For a 1,500 calories diet, get between 25 percent and 35 percent of calories from fat, primarily the healthy unsaturated (MUFAs and PUFAs) fats found in plant oils, fatty fish, nuts and avocados. This means about 375 to 525 fat calories daily, or because one gram of fat contains nine calories, 42 to 58 total grams of fat.   (American Heart Association)

For all diets, try to skip all foods containing trans fats.



Public invited to presentations by Dr. Emerson Lombardo on March 2nd, 16th,  23rd, 24th and 28th and April 6th, 7th, 20th, 27th, and 28th 2011.
See Dr. Emerson Lombardo in Person! 


March 2nd, 2011: Food for Thought

This free event will be held in Methuen, MA at Methuen Village, 4 Gleason St, Methuen MA 01844.  This is a CEU event from 11:30am-1:00pm.  Free brain healthy lunch will be provided.  Please RSVP to 978-685-2220.  Check out the events page at 


March 16th, 2011: Food for Thought

This free event will be held in Acton, MA at the Atlantic Sea Grille, 77 Great Road, Acton MA 01720.  This event is sponsored by the Acton/Boxborough Rotary Club.  There will a short highlight on brain healthy eating by Dr. Nancy Emerson Lombardo at 12:15pm.  Call the Rotary to register in advance.  You pay for lunch.  Check out the events page at


March 23rd, 2011: Food for Thought: Healthy Eating for a Healthy Brain

This free event will be held in Brighton, MA at the Chestnut Park at Cleveland Circle, 50 Sutherland Road, Brighton MA 02135. There will be refreshments at 5:00pm with a 90 minute presentation from 5:30-7:00pm.  RSVP to 617-566-1700. Check out the events page at  


March 24th, 2011: Brain Healthy Nutrition   

This free event will be held in Framingham, MA at Callahan Senior Center, 535 Union Ave, Framingham, MA 01702. This event starts at 11:00am. Registration is free and there will be a free lunch available.  This event is sponsored by Compass at Golden Pond and the Metrowest Alzheimer’s Partnership. RSVP Leanna Moran –    Check out the events page at


March 26-29th, 2011:26th International Conference of Alzheimer’s Disease International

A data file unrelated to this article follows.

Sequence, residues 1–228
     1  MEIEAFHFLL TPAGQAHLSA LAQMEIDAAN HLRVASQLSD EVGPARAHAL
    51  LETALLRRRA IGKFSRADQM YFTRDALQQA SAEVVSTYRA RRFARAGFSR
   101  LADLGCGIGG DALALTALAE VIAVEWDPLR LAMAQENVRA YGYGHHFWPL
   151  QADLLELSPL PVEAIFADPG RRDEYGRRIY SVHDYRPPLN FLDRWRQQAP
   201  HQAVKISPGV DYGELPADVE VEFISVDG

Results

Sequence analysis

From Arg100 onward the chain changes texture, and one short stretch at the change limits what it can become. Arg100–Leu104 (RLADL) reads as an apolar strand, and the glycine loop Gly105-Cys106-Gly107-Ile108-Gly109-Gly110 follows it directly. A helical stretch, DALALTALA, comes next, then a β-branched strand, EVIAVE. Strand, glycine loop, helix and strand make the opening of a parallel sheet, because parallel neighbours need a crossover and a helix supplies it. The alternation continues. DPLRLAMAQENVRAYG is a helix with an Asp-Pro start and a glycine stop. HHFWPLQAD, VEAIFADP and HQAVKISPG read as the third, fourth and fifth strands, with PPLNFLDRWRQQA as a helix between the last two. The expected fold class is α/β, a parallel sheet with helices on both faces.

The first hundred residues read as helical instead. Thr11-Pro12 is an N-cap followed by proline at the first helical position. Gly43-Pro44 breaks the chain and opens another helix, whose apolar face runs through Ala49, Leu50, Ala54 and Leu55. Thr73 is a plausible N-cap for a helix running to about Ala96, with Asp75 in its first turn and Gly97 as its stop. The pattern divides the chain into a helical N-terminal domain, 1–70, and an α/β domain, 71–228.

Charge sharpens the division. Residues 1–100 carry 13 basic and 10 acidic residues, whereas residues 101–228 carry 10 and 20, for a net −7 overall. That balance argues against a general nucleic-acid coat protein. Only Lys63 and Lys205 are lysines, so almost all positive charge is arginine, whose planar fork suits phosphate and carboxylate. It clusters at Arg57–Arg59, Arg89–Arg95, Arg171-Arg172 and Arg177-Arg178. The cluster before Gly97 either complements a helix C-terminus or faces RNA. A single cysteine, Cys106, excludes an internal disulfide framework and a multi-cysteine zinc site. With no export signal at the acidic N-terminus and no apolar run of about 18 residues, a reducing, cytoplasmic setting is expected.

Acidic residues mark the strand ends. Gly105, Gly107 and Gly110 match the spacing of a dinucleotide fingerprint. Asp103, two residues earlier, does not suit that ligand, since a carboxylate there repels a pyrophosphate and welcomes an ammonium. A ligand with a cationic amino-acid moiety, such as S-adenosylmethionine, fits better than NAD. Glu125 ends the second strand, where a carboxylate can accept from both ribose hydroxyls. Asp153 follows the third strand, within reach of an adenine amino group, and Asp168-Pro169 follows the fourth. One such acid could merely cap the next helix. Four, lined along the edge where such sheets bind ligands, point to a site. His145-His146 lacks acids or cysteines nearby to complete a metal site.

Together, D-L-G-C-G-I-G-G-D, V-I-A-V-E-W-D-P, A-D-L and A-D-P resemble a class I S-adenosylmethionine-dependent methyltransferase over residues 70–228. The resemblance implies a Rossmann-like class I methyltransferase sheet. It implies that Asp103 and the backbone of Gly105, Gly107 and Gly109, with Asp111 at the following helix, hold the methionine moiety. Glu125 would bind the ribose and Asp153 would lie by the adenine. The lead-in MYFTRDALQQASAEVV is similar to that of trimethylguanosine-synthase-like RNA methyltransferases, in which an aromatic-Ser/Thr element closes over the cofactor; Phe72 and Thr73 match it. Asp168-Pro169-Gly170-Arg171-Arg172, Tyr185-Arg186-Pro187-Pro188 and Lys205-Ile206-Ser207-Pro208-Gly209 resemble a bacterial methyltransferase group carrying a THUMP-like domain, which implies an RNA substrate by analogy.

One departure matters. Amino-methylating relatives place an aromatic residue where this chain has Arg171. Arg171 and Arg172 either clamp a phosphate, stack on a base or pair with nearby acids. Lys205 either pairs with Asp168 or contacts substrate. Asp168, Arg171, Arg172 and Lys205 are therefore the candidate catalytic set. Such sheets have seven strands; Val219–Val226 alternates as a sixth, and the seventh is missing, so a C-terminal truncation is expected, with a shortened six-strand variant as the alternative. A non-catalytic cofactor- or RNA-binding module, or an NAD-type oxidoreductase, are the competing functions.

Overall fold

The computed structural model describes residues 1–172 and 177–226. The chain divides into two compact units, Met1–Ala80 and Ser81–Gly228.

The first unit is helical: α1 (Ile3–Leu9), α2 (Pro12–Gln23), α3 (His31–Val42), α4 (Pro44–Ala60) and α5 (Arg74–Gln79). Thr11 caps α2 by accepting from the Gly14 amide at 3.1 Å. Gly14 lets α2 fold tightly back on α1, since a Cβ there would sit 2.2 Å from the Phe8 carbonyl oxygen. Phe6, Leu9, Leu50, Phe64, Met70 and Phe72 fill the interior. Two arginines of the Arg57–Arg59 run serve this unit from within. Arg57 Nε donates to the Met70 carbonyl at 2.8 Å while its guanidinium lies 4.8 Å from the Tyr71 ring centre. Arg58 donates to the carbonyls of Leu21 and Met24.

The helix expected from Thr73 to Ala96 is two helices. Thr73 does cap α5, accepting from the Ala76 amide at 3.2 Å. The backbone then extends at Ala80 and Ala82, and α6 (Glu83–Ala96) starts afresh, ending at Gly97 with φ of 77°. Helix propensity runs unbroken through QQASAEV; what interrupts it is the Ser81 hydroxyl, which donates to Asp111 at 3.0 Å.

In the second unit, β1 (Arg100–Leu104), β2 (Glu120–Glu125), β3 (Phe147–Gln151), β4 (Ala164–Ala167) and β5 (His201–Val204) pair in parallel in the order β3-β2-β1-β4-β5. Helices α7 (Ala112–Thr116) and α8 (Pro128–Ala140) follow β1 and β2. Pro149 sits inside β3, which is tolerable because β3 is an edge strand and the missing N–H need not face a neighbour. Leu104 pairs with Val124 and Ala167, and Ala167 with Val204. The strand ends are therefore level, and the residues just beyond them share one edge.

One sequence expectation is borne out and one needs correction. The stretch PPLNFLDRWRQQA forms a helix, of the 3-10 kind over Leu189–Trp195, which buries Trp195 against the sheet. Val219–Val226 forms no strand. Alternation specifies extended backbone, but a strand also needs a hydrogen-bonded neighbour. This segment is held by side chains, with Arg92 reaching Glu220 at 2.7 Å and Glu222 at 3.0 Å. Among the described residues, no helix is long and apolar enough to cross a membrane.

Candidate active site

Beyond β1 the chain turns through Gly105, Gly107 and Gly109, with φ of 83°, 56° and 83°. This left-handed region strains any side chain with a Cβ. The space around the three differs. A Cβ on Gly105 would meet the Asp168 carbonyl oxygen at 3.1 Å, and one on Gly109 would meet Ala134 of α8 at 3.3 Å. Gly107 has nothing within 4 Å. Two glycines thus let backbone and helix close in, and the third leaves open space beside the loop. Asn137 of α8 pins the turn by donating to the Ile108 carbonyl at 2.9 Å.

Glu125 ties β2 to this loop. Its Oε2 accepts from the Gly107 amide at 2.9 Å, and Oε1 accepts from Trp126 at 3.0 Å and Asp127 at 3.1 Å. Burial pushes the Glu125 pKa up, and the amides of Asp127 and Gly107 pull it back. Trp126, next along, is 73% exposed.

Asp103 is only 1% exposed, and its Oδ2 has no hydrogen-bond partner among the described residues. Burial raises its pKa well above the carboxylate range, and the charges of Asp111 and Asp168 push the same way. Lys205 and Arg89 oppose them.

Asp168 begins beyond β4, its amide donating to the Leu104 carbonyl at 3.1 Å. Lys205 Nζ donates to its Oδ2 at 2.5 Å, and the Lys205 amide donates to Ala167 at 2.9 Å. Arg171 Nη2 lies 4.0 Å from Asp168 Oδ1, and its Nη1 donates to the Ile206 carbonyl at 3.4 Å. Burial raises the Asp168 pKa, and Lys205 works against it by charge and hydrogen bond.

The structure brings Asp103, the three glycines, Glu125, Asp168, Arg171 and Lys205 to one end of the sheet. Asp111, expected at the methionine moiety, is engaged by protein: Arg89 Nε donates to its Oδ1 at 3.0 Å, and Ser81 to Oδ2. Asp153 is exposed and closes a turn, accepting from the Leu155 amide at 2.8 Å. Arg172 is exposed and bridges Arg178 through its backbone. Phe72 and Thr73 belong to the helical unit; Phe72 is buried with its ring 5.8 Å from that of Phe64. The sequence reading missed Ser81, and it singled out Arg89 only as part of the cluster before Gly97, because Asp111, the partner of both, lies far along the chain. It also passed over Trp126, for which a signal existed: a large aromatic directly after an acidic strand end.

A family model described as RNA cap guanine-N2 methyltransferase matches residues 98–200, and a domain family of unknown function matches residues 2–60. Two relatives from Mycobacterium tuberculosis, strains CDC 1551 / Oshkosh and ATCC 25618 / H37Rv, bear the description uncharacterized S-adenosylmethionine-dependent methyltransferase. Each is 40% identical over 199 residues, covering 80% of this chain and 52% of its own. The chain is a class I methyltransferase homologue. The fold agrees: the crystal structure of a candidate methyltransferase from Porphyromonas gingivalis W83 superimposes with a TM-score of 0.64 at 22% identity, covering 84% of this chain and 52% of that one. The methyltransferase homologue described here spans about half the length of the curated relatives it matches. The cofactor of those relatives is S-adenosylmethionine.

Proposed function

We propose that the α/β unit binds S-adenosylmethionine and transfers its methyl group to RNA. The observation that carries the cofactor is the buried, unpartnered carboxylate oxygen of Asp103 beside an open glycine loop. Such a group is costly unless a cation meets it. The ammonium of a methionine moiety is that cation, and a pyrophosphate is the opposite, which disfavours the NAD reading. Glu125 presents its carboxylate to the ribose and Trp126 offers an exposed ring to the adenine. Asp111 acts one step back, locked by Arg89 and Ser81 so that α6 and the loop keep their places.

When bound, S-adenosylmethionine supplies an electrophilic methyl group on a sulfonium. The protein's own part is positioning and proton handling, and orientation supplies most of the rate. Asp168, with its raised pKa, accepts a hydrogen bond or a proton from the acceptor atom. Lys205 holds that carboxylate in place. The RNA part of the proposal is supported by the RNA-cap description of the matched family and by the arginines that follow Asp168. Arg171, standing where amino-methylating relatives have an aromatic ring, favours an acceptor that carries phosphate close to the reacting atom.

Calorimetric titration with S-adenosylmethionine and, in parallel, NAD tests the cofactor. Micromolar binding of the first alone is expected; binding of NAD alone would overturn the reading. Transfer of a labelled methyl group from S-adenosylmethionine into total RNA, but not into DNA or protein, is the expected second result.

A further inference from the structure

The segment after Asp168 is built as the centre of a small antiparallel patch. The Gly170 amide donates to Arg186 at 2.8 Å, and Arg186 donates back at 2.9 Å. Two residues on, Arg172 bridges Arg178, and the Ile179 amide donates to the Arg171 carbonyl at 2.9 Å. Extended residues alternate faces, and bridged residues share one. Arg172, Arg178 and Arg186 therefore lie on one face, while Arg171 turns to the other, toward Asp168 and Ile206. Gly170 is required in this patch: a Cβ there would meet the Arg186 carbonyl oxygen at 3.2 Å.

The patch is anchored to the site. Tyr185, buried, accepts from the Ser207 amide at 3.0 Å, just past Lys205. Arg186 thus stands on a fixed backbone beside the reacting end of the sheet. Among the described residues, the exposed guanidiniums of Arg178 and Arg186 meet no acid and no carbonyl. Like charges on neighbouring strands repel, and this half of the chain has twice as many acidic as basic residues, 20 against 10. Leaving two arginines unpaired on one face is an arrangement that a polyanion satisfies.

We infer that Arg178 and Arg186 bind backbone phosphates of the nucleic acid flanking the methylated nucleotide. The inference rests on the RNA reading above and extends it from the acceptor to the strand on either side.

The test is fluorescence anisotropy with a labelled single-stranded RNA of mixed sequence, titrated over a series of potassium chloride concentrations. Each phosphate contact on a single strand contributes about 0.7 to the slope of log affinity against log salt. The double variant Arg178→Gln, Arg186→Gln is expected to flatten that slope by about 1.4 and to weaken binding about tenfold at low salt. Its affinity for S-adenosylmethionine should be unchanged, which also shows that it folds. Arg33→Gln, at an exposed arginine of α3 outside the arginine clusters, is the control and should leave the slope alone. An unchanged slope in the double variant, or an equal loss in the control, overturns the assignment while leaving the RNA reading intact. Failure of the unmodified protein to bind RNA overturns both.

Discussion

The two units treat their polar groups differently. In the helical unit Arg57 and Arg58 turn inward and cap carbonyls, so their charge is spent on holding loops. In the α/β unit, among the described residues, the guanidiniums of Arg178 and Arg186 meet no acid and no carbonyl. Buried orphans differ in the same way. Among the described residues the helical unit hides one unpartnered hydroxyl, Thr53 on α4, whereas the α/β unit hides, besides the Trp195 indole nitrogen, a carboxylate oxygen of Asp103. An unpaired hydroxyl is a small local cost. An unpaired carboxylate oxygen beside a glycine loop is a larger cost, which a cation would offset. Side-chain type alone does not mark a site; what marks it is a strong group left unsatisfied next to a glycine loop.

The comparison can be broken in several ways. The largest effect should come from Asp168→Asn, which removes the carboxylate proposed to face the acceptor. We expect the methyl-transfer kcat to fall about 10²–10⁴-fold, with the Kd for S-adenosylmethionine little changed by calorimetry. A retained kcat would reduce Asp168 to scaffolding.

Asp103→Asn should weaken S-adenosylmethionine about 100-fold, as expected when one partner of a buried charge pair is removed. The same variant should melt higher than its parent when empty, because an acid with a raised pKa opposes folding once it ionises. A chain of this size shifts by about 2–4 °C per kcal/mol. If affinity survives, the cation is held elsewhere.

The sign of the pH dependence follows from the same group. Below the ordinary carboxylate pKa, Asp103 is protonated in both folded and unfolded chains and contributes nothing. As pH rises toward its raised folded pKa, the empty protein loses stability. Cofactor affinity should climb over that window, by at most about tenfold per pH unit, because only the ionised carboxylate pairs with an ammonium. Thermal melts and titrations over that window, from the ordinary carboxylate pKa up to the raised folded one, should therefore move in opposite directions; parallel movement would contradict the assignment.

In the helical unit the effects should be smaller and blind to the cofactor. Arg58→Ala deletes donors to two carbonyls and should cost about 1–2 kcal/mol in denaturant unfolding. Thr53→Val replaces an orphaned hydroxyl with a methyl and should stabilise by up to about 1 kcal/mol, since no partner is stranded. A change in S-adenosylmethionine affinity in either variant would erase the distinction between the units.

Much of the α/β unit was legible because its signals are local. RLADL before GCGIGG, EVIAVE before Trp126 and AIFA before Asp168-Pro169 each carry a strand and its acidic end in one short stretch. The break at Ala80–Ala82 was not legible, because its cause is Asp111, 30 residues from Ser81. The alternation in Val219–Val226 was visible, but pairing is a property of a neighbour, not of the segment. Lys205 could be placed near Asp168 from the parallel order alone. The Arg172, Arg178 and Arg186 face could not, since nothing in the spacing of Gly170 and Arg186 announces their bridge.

This conference is being held in Toronto, Ontario at the Sheraton Centre Toronto Hotel, 123 Queen Street West, Toronto, Ontario, Canada M5H 2M9.  Nancy will be presenting orally on March 28th at 4:45pm

“Nutritional supplement combination therapy feasibility, safety and biomarker clinical trial in cognitively normal adults.” (about the study at Boston Univ. School of Medicine)  and will have a poster about “Memory Preservation Nutrition  in Assisted Living: a Clinical Practice Report,” from March 27th-29th.  Please register and arrange accommodations at  Check out the events page at



April 6th, 2011: Food For Thought: Brain Healthy Eating   

This free CEU professional event will be held in Jamaica Plain, MA at the Springhouse Retirement Community, 44-46 Allandale Street, Jamaica Plain, MA 02130, sponsored by hospice association. This event starts at 8:00am and will go until 9:00am.  Open to the public and will be held in the Main Street room.  Please RSVP to Springhouse Retirement Community, Karen Pollack 617-971-1678 or Check out the events page at


April 7th, 2011: Eating for a Health Brain: An Evidence Based Approach

This professional event will be held in Portsmouth, New Hampshire at the Best Western Wynwood Hotel, 508 US Highway 1 Bypass, Portsmouth, New Hampshire 03801. Register to attend.  This conference starts at 9:00am.  Dr. Nancy Emerson Lombardo will be speaking from 10:15am-11:30am. For registration information, contact Linnea Hagberg or call